Design & DIY

Cottage Q&A: PEX pipe vs. copper

Red and blue PEX pipes attached to a basement ceiling By Jason Kolenda/Shutterstock

I have heard that there is a new type of piping that is better than copper. Do you know what that is? What would be better for interior waterlines: copper or this new type?—Paul, Gooderham, Ont.

You’re probably thinking of cross-linked polyethylene (PEX) pipe. It only really became common in the last 15 years or so. “But it’s been a game changer,” says Shawn Groulx of Express Plumbing and Heating in Red Deer, Alta. “The only time we use copper pipe is for repairs.”

Unlike copper, PEX won’t corrode or split easily. It can expand to twice its original size or more without bursting—a huge benefit in freezing and thawing conditions. It’s flexible and can fit through and into spaces where rigid copper can’t. It’s also cheaper to buy and faster to install. “A plumber and one helper could plumb a whole house with PEX in a day,” says Groulx. “With copper, it would take a week.”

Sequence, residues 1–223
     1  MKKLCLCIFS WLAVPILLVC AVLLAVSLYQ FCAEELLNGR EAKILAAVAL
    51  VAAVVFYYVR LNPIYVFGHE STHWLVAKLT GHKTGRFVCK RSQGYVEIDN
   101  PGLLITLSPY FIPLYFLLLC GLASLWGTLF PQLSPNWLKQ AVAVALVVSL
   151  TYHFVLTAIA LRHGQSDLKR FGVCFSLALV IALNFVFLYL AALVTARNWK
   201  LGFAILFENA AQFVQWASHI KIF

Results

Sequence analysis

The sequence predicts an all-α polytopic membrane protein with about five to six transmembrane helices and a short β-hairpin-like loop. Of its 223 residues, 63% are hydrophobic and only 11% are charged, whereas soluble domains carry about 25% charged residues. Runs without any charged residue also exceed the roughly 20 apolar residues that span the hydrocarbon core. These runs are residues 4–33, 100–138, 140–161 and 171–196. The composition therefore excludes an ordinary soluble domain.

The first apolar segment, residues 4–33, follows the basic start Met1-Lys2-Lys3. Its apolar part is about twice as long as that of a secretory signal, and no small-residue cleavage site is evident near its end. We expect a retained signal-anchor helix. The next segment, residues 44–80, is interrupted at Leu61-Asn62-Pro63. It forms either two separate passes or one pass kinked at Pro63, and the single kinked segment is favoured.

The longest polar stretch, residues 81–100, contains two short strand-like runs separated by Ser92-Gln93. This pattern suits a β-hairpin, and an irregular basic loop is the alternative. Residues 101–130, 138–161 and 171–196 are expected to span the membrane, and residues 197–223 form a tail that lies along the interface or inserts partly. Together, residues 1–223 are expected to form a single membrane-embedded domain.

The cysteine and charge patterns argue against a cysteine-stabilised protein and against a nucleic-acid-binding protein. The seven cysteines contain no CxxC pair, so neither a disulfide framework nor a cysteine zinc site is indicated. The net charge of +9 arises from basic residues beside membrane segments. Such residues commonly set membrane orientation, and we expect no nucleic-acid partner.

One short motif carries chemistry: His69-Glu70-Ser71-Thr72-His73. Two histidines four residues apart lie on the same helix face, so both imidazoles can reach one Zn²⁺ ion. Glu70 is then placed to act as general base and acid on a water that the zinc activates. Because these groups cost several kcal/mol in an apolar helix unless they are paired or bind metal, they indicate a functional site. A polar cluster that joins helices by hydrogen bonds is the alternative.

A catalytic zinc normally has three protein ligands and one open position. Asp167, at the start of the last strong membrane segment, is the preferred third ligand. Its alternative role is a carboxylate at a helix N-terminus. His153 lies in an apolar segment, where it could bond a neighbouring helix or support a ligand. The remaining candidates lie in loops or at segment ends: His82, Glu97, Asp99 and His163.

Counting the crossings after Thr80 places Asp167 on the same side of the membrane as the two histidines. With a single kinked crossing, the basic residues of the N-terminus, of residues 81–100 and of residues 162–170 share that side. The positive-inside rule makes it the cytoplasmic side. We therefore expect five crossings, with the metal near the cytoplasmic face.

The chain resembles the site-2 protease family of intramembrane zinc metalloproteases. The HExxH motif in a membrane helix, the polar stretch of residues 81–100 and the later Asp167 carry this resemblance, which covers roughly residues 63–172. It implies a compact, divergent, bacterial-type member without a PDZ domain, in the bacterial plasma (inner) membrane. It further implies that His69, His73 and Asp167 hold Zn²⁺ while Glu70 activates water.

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If PEX is so bonkersawesome, why in the heck would anyone choose copper for their cottage? Well, PEX—with its internal fittings and its tendency to sag like a piece of cooked spaghetti if unsupported—could be harder to drain from a cottage system in the fall if you rely only on gravity. “And rodents have been known to chew through PEX,” admits Matt Girard, the owner of M&J Plumbing in Ennismore, Ont.

But the other con—the big one, at least for some plumbers—is that PEX may have more cons that we haven’t yet discovered. Copper has proven its longevity. No one knows what a PEX-plumbed cottage looks like after 50 years because it doesn’t exist yet.

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This article was originally published in the Winter 2018 issue of Cottage Life magazine.

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